Trembling Places: a Short Story

*Warning: the following short story contains images of violence and language.*

We’d been driving all night, and I needed to pee.

I could tell by the look on Jades face that he wasn’t going to pull over. We weren’t in a hurry or anything, he was just in one of those moods where if I dared to ask anything of him, he’d go to the ends of the earth to ensure I didn’t get it. I hated that mood. It had been the only one I’d seen him in for months though, and by that point, it felt like ‘normal Jade.’

It was just the two of us in his car: Jade driving and me, stuck in the back passenger seat. I couldn’t see the clock that was mounted in the dashboard just behind the steering wheel. I guessed the engineers over at Ford figured that anybody who’d want to drive one of their cars would be the kind type-of-person who’d offer the time-of-day to their passengers. Those engineers would be wrong.

The only thing Jade ever gave me anymore was grief.

The world beyond the headlights was pitch-black. It felt like hours since we’d passed Los Angeles and I could only guess that the low specks sprinkled in the distance were the first signs of Fresno looming ahead. I gazed into the bleak, whirling asphalt and forced my mind to go blank. That was a safe place. Blank, where there was nothing but me, myself, and I.

A flash caught my attention. It came and went before I could make it out but I thought I saw speckled fur and two bright dots. Probably a coyote. They weren’t uncommon in long stretches of road between Valley towns. Still, it was surprising when the car jerked up and pounded back down.

My temple banged against the frame of the car door, bringing my head from the empty fog I so frequently buried it in.

“What was that?” I asked at the same time Jade started his rant.

Between the swears was where he tucked information, but Jade was so angry the words ran together. “Stupidfuckinganimal!”

“Are you alright?”

The second the words were out I wished for a way to stuff them back in. Jade’s well-being and frame of mind were my main concern most of the time and the look he gave me through the rearview mirror told me it was a stupid question. It was. I knew it was. Oh, I was so stupid. The air in the car for the past few hours told me that stupidity would not be tolerated. I shrank back into my seat, wishing to disappear and knowing I never could.

Jade never stopped watching me. The amount of time he spent tracking my every move—he should’ve been born a hawk.

Instinctively, I hooked my fist over the shoulder strap of my seatbelt, down where I hoped he couldn’t see it, and mumbled my apology. Repeating it twice more when Jade’s arm stretched back towards me. I stiffened as he clutched the collar of my denim jacket. I thought of kissing his hand—the instinct to please him always so strong; I wanted to accept whatever he gave but I didn’t pucker. I was too distracted by the sudden — Thump. . . Thump. . . Thump . . . Of the road beneath us and wondering why it was suddenly bumpy. Jade was still cursing, but he let go of my jacket in favor of beating the steering wheel.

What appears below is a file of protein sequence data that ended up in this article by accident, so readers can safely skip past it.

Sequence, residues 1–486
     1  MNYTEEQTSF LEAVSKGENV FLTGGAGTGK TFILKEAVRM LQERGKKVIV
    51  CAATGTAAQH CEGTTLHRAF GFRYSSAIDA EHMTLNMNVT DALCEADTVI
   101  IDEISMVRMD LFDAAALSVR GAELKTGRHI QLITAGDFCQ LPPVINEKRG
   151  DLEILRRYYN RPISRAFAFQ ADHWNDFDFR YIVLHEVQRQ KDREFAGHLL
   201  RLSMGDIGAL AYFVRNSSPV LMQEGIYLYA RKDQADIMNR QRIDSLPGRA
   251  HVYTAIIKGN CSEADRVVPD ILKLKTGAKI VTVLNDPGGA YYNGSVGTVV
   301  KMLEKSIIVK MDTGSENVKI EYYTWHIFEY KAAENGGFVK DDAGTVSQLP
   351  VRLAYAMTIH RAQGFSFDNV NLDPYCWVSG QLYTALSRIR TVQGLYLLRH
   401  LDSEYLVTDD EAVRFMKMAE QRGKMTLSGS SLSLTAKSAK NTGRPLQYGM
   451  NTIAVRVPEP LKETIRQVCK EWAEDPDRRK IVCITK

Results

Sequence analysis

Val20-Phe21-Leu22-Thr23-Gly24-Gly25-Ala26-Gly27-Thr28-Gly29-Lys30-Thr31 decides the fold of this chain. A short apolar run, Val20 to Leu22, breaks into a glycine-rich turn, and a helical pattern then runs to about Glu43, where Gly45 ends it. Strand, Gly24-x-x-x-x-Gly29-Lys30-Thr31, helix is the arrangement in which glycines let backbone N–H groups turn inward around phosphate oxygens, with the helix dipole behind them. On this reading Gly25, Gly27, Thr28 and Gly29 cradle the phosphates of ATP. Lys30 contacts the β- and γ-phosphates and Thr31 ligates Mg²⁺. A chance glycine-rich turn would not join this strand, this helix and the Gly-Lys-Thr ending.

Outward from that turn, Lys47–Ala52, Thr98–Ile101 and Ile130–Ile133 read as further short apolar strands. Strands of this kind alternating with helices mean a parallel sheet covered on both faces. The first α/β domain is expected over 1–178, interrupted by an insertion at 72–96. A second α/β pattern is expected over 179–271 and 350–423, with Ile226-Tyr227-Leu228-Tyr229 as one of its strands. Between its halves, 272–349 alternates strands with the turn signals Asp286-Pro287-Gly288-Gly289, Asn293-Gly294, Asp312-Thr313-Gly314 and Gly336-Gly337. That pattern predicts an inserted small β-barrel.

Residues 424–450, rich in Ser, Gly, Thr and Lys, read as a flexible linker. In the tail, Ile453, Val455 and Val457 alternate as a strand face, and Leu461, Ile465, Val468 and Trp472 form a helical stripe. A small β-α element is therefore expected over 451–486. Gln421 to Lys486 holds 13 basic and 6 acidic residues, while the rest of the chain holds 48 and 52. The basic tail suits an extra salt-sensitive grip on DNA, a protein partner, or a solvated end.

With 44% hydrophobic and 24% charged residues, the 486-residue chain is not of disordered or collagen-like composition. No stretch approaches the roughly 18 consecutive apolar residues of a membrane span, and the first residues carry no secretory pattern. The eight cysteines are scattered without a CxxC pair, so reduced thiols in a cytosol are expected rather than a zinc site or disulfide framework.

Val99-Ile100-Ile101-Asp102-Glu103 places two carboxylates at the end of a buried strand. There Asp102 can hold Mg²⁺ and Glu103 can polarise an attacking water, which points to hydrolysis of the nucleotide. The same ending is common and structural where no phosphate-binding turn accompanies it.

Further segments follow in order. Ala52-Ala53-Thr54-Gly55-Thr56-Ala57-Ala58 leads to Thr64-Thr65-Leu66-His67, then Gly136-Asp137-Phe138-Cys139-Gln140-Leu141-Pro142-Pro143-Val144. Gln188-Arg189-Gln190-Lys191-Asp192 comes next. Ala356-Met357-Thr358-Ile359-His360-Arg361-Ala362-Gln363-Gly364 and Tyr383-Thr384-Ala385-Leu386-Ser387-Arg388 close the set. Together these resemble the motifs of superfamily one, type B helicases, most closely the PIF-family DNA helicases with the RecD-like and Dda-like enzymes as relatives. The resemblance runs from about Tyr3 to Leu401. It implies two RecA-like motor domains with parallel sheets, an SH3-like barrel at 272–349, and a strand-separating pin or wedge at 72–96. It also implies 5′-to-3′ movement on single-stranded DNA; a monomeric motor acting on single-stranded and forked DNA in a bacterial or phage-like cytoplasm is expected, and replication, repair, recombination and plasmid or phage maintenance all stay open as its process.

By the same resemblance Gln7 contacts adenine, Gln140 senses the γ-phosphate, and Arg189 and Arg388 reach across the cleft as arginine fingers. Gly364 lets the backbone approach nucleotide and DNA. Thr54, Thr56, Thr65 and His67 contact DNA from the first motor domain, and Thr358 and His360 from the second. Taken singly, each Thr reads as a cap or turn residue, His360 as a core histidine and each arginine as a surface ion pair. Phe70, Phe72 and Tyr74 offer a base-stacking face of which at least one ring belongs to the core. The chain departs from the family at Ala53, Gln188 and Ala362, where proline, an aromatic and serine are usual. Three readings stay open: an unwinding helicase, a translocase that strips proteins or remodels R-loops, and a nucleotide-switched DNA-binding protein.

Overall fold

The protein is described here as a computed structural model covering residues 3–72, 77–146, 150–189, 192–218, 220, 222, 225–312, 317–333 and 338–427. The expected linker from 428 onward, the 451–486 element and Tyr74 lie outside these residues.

The car pulled onto the gravelly shoulder and I knew better than to offer any help when Jade got out to check the noise. No sooner did his door close than the trunk opened. There was some clanging, but I didn’t try to peek. I didn’t want to see or know what he was doing. I didn’t even want him to know that I was curious. He didn’t like my questioning him, but sometimes I just couldn’t help it. I’d always been a very curious person. I’d have to settle on what I knew: that our car had been the only one on the road for the past twenty minutes. The only lights came from the dashboard. I slid over to the left a little to see the clock. It was nearly four in the morning.

I shrank back into my corner when the driver’s door swung open. Jade set a hand on each side of the doorway, filling it up with his fearsome company. Those green eyes half-hidden by black hair dye peeked inside at an angle that pushed the hair back from his scowl.

“Flatfuckingtire! Keep still.”

“Do you need me to hold the flashlight?” I knew he didn’t like questions, but the thing in figuring out Jade was that sometimes he expected them in the form of me offering to do my piece and most days I had trouble figuring out which time was which. So my stomach stayed knotted up, worrying over if I was straying too far in any direction.

Jade gave a half-chuckle. “No, Elise. The last thing I need is your ‘help’ making things worse.”

It was hard to miss the insinuation. I was not smart enough to know what to do. Even if Jade sullied himself long enough to try and teach me it wouldn’t do any good. At least he didn’t think it would. But I was smart enough to know that nobody should be inside a car when you put a jack under it. Not that Jade cared. He’d do what he wanted.